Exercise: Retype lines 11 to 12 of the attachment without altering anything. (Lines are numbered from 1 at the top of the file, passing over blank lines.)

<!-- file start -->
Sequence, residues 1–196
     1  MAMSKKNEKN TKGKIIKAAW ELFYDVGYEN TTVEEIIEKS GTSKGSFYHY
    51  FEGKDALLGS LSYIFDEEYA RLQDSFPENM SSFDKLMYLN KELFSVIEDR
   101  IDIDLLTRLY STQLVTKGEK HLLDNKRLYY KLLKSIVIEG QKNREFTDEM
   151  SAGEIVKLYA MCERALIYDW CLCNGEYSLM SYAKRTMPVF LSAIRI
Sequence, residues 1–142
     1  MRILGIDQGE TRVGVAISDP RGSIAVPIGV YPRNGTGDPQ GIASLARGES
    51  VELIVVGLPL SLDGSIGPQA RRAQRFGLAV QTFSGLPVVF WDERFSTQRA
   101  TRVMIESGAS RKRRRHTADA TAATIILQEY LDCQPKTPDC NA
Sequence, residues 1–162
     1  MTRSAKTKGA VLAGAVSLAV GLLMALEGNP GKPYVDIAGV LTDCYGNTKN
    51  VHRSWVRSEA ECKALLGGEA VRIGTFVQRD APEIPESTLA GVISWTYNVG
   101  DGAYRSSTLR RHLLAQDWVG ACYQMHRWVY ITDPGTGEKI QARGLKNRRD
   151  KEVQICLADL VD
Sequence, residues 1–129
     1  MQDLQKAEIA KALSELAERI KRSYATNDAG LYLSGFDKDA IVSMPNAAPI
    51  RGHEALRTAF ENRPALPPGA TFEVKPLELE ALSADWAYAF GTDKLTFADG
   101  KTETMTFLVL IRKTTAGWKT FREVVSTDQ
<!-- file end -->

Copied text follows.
     1  MTRSAKTKGA VLAGAVSLAV GLLMALEGNP GKPYVDIAGV LTDCYGNTKN
    51  VHRSWVRSEA ECKALLGGEA VRIGTFVQRD APEIPESTLA GVISWTYNVG